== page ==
Shipman has made GPs wary of prescribing strong opioids
GPs lack support and advice on opioids, the Pain Society's annual meeting in Manchester earlier this month was told – Rob Finch reports
Pain Society's annual meeting
in Manchester earlier this
month was told – Rob Finch reports
Half of GPs lack the confidence to prescribe strong opioids for chronic pain because of clinical and legal uncertainties in the wake of the Shipman case, according to new research.
The situation has been made worse by a lack of support and advice to GPs, leading some to call for prescribing of the drugs to be initiated only in secondary care.
But pain specialists said this was not the way forward as patients would miss out on treatment that could be provided by the GP.
The study asked 41 GPs in Newcastle about their prescribing of opioids in chronic pain.
The results, presented earlier this month at the Pain Society's annual meeting in Manchester, showed about 50 per cent of GPs were concerned about prescribing strong opioids because of undesirable side-effects and risk of addiction or abuse.
Study co-author Dr Paul Wilkinson, a consultant in pain management at the Royal Victoria Infirmary, Newcastle upon Tyne, and a former GP said patients would 'miss out' if GPs stopped prescribing the drugs, especially in conditions such as chronic back pain.
Dr Graham Archard, RCGP spokesman on pain management and a GP in Christchurch, Dorset, said: 'GPs are split into two camps, one side are fairly confident in what they do, the other is concerned because of addiction and side effects, especially since Shipman. He has made people very concerned.'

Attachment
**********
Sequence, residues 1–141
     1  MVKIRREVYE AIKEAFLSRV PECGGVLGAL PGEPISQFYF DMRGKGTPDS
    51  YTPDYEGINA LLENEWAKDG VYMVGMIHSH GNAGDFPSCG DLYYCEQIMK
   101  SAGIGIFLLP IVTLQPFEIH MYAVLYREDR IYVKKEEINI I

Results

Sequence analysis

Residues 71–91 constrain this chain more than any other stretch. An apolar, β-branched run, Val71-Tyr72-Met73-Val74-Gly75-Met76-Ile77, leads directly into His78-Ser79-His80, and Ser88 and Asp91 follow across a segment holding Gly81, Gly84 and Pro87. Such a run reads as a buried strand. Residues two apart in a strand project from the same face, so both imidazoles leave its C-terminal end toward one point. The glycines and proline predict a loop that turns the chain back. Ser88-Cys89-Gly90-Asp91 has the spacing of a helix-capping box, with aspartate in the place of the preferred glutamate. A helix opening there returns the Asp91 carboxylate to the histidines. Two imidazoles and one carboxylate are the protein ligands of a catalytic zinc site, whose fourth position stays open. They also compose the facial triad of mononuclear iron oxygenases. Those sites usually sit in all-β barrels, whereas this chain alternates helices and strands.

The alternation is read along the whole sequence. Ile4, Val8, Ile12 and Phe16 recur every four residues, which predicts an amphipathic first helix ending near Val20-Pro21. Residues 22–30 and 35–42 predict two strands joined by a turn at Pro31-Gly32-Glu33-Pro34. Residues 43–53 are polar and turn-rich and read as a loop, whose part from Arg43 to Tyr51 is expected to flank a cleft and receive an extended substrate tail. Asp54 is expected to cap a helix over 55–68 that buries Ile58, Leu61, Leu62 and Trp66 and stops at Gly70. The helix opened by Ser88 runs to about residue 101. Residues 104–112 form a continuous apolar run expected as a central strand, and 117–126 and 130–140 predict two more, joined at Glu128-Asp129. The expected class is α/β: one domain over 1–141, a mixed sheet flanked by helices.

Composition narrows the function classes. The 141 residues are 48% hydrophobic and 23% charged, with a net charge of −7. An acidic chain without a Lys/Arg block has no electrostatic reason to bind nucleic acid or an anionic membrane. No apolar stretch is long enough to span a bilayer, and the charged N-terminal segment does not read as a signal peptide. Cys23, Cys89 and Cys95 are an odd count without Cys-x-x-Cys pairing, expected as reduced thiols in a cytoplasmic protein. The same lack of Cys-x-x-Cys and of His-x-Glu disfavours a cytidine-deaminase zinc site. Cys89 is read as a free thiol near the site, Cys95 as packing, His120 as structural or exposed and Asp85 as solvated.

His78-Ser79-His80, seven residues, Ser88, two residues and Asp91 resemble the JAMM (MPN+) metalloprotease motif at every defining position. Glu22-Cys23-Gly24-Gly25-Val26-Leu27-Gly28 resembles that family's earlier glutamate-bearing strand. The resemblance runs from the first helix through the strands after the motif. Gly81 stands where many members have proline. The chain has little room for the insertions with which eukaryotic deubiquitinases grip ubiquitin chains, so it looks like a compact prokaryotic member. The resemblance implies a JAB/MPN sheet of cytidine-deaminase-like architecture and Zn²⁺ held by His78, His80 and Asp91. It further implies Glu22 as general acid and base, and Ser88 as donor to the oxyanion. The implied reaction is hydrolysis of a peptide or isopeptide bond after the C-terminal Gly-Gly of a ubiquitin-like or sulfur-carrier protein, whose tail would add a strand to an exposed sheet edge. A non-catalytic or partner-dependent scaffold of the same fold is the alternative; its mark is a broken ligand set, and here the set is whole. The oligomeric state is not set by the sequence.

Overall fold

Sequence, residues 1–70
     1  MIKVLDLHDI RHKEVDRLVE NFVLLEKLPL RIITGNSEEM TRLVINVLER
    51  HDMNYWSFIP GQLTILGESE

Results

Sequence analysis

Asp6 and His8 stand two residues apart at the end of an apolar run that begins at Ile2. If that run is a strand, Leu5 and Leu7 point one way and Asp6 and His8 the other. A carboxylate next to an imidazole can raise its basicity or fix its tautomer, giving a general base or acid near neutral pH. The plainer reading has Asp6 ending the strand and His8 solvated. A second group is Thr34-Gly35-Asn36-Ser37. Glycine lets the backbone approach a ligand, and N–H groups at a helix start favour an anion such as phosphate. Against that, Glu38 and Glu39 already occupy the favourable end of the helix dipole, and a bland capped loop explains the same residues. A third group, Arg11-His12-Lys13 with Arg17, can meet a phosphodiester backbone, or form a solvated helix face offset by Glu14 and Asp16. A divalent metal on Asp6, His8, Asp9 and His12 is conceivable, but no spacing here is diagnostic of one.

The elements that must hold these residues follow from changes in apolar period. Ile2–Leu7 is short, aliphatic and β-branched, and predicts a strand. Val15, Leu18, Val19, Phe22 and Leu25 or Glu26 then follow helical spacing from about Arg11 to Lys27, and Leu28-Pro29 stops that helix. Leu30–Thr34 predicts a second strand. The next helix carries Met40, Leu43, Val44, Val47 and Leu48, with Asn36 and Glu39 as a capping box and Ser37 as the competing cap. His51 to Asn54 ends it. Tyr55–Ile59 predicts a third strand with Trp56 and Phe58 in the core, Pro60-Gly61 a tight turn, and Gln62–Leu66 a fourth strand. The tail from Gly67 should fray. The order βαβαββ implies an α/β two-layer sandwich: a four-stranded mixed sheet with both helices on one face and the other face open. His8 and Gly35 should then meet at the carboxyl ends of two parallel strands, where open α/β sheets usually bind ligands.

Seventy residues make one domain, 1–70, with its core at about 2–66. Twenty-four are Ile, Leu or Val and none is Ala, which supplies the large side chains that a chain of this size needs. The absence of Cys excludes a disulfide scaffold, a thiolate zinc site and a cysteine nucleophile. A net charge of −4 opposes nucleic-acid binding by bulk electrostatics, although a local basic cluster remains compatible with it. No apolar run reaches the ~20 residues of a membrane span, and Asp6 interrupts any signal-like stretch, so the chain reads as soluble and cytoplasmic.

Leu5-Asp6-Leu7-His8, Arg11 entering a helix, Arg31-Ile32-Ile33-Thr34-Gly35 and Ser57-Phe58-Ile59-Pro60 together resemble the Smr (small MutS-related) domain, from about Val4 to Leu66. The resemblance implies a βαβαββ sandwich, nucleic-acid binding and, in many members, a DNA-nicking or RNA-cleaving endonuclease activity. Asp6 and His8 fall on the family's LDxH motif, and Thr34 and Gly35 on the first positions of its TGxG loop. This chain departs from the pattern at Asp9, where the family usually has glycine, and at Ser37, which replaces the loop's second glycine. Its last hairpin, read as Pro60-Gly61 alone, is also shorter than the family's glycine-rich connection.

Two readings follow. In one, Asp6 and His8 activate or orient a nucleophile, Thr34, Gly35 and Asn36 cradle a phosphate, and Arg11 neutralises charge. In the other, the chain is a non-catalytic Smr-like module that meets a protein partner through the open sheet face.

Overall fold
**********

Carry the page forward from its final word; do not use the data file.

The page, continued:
Dr Archard said a move towards initiating prescribing of opioids in secondary care only would not help as GPs would still have to be responsible for follow-on prescriptions.
'When it comes to prescribing strong opioids for non-malignant pain, the patient should already have had care from a specialist – that would be the back-up,' he said.
Professor Richard Baker, professor of quality in health care at the University of Leicester, who led the review of Harold Shipman's clinical practice, said he thought GPs were justified in their concerns because support was 'patchy'.
He added: 'If there is good local advice, GPs will feel confident in prescribing controll-ed drugs.'